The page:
In 1967, the American guitar market was under attack. Skilled luthiers at Gibson and Guild were safe, even those these companies had their problems to overcome, but at the lower end, where guitars were mass-produced, and required considerably less skill to build, competition was fierce. And especially from Japan. A number of Asian factories had started to produce very nice guitars, at very cheap prices. But still, country of manufacture was a selling point, and Harmony underlined it's Chicago origins in this 1967 advertisement. Harmony had been the largest American guitar producer at one point, but the battle with cheaper foreign imports would be one that it would ultimately loose, with the factory closing in 1975.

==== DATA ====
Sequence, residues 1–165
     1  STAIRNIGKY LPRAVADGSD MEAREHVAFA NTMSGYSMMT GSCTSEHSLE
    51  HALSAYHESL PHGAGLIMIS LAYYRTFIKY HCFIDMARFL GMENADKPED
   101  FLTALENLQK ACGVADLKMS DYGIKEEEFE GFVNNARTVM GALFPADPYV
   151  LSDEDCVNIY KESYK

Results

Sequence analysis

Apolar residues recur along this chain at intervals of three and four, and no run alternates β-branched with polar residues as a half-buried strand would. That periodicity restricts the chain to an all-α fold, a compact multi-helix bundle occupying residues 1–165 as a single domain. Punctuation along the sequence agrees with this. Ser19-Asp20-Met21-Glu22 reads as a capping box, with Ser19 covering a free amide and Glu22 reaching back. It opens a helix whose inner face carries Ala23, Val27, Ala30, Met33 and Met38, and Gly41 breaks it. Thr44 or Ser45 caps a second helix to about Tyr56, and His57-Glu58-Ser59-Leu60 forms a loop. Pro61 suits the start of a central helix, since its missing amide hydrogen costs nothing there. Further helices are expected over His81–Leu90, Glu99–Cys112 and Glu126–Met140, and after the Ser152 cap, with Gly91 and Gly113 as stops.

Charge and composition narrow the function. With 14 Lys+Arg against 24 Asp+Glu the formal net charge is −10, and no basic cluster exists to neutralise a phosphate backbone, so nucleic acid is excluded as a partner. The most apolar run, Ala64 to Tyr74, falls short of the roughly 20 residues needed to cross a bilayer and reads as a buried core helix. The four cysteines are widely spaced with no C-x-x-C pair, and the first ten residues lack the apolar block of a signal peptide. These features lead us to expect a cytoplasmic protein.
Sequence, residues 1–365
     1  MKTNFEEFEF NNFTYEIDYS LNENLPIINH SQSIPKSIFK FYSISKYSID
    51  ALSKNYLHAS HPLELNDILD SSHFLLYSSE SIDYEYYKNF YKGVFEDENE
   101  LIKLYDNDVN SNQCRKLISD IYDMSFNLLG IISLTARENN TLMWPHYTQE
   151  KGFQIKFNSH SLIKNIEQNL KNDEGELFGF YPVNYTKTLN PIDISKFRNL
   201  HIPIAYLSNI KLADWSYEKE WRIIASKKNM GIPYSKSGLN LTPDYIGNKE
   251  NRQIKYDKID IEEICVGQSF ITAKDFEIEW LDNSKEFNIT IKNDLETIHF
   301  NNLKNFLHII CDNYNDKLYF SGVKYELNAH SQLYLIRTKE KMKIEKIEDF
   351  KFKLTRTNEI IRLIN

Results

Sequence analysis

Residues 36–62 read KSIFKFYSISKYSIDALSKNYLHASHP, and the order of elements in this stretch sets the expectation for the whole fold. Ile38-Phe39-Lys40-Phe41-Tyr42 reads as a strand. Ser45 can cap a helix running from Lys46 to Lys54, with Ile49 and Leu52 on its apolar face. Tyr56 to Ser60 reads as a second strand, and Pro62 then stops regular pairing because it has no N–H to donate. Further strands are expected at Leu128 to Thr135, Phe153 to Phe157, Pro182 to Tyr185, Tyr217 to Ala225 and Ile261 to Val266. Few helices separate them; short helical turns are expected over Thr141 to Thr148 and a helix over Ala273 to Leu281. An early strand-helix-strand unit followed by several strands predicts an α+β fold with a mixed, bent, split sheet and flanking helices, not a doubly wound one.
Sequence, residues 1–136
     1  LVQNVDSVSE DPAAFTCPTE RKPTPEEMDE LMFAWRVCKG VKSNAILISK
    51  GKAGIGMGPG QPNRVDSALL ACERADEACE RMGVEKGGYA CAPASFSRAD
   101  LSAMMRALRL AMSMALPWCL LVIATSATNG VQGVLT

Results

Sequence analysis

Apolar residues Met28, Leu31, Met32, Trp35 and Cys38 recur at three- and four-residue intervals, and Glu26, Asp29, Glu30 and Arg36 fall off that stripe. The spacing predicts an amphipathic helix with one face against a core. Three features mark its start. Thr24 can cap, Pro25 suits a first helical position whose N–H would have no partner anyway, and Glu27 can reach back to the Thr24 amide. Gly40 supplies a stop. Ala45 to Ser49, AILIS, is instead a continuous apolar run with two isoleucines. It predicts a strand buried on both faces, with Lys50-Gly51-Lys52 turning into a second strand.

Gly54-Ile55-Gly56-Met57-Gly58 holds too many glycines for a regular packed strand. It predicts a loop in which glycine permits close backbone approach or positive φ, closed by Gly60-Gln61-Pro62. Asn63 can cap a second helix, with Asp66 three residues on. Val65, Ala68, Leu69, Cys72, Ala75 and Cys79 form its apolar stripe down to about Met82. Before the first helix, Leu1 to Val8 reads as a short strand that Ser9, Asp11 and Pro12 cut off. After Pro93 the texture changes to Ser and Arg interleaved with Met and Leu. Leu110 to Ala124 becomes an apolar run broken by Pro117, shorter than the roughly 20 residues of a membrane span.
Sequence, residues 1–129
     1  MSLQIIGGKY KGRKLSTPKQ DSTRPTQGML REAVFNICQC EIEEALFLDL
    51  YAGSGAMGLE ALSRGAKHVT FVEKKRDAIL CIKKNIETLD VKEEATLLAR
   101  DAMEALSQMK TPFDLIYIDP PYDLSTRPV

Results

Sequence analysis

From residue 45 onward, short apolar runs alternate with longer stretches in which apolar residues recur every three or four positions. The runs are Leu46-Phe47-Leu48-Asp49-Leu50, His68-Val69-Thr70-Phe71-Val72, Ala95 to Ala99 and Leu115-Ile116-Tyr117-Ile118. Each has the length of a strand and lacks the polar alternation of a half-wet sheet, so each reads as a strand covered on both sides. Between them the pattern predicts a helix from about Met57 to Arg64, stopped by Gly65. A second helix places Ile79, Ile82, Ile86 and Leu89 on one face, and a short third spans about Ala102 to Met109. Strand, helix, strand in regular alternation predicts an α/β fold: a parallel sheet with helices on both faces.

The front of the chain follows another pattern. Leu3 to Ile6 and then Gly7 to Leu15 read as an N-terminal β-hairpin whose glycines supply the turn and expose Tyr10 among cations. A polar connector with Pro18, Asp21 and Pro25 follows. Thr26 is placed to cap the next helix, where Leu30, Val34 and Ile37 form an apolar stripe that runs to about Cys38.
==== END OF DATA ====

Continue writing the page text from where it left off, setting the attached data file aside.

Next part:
Mid sixties Harmony advert, showing a solid-body (H19), an acoustic (1260), and an electric semi-acoustic (H75)
Mid sixties Harmony advertisement for five amplifiers and two guitars; the solidbody H19 and thinline hollowbody H76.
Mid sixties advertisement for three of Harmonys best selling instruments: the H19 solid body, H76 thinline hollow-body and the 1260 flat top acoustic. These three instruments appeared in numerous H...
The three instruments appearing in this mid-60s advert are the H19 solid body, H76 thinline hollow-body and the 1260 flat top acoustic. These were Harmony's big-3 instruments and were promoted widely.